We want to set the record straight concerning your recent editorial “Pressure stops drug reform.”
Step therapy has been in place in this country for decades. It is a longtime approach to prescriptions intended to help make health care affordable. With drug prices skyrocketing, step therapy is a necessary tool to balance out the push for higher prices by drug companies.
A recent Congressional Budget Office study concluded that eliminating step therapy would increase health insurance premiums by 5 to 10 percent. Another report released recently showed specialty drug prices skyrocketing and out-of-pocket costs nearly doubling over the past 10 years.
Drug companies use marketing and sales tactics to encourage doctors to prescribe their most expensive brand-name drugs even when a less expensive option with the same effectiveness is available. Employers, governments and insurers need a way to balance this practice to protect patients from ever-increasing drug costs.
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How does step therapy work?
▪ Independent doctors and pharmacists develop recommendations in line with FDA, pharmaceutical companies’ own labeling and national guidelines. The recommendations focus on longtime, proven drugs. Most requests focus on generic options for brand-name drugs.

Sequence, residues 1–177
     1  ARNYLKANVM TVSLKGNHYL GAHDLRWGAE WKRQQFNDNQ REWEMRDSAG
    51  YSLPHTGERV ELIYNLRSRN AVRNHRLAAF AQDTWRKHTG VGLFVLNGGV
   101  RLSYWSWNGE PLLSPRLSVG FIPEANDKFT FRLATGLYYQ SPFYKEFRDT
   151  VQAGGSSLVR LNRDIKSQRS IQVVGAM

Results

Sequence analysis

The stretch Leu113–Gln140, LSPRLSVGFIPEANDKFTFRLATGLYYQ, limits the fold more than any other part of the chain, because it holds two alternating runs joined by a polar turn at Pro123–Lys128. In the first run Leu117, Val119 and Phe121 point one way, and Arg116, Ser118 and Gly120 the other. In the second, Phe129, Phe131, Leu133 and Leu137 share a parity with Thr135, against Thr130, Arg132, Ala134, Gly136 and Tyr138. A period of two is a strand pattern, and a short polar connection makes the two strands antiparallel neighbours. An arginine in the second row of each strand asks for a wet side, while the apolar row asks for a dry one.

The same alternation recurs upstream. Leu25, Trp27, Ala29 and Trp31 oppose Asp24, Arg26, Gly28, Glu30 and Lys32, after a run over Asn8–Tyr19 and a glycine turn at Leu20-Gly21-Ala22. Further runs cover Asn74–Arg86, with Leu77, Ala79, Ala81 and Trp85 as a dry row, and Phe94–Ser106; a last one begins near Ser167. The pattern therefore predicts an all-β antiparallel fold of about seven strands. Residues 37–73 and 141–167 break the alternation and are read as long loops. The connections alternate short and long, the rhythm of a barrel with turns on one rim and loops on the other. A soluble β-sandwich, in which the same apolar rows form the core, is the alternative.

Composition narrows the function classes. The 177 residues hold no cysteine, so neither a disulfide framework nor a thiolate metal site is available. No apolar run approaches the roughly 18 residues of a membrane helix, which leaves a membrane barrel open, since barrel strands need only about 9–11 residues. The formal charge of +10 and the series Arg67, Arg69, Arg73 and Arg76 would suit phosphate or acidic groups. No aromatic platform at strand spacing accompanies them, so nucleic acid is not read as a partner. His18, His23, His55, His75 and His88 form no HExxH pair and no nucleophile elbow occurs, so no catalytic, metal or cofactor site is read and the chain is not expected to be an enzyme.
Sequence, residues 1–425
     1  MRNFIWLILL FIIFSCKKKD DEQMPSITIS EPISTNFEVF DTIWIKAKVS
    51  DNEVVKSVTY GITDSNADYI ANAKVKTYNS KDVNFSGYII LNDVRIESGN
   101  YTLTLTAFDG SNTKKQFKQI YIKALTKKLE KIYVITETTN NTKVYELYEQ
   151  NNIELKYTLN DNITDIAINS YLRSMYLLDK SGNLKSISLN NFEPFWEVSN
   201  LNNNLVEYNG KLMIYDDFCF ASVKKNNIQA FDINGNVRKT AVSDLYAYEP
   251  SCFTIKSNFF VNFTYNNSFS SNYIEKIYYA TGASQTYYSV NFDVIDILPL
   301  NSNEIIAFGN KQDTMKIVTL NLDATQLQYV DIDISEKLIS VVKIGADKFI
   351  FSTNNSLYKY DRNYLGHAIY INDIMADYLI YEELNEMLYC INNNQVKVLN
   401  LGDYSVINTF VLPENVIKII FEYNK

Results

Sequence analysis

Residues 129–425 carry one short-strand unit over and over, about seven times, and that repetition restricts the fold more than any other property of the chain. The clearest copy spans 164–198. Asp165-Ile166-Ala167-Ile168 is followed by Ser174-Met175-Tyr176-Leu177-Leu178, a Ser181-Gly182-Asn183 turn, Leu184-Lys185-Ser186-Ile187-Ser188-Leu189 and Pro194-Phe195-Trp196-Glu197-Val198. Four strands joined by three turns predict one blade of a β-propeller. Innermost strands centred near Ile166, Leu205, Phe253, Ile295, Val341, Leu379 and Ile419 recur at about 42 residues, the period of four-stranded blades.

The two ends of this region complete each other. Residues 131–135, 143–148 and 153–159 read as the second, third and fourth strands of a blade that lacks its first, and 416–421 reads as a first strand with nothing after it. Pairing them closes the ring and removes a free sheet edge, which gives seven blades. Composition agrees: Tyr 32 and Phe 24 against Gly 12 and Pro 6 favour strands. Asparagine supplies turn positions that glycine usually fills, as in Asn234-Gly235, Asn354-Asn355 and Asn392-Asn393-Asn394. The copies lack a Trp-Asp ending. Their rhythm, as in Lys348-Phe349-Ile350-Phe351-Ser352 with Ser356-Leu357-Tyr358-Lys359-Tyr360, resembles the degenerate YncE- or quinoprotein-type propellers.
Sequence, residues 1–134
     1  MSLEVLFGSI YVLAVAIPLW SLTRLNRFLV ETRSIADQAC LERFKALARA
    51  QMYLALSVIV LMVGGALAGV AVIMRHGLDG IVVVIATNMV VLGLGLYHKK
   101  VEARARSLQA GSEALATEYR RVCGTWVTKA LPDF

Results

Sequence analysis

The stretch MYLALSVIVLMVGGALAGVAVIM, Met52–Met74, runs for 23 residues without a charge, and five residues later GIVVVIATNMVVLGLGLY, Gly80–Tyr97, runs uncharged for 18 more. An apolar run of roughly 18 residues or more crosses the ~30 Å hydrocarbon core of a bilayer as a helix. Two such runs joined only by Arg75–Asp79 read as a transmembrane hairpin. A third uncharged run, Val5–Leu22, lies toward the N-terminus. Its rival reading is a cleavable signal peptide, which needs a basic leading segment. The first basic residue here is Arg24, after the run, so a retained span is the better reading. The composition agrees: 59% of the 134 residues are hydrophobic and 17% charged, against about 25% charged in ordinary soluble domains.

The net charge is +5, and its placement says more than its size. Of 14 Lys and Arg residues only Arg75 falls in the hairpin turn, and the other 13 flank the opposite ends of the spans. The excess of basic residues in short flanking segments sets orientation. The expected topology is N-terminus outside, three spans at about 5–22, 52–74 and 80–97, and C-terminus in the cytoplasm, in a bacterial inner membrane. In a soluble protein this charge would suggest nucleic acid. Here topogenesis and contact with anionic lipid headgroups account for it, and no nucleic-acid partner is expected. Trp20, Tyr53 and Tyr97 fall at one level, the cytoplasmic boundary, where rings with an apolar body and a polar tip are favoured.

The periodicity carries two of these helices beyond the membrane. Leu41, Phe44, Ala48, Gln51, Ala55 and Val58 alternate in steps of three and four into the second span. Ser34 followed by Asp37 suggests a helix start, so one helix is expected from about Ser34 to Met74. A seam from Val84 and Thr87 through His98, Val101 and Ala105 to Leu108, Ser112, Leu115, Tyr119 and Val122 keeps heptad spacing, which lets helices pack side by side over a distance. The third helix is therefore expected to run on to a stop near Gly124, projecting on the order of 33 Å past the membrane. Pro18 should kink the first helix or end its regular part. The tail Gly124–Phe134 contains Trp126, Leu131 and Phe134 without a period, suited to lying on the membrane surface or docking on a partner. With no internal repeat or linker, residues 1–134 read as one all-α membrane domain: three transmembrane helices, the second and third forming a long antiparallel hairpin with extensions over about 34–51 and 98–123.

▪ For many step therapy programs, there are no more than two steps. Many are one-step, and with cancer drugs there are no steps.
▪ The process is flexible with an easy exception or appeal process for providers.
It is important that patients get the right drug at the right time for the right condition. However, newer and more expensive does not necessarily mean more effective.
Unrestricted access without management would mean that employees would be steered to the most expensive and profitable drugs on the market with little check and balance.
The bill debated in the General Assembly was a hodge-podge proposing to eliminate step therapy and proposing to lower copays for certain opioids, which, in effect, would make these powerful, addictive drugs even more accessible.
As the opioid epidemic hits North Carolina, removing step therapy removes a tool that helps keep accessibility of these powerful narcotics in check.
This bill was simply not good public policy. It was policy that is not good for employers, and it is not good for consumers at any level. It’s critical to remain vigilant against the outrageous cost of drugs.
We need to make sure consumers receive the right drugs that are safe and cost effective, not the ones that are the newest and costliest.
Vice president, chief medical officer, Blue Cross Blue Shield of North Carolina
The length limit was waived to permit a fuller response to the editorial.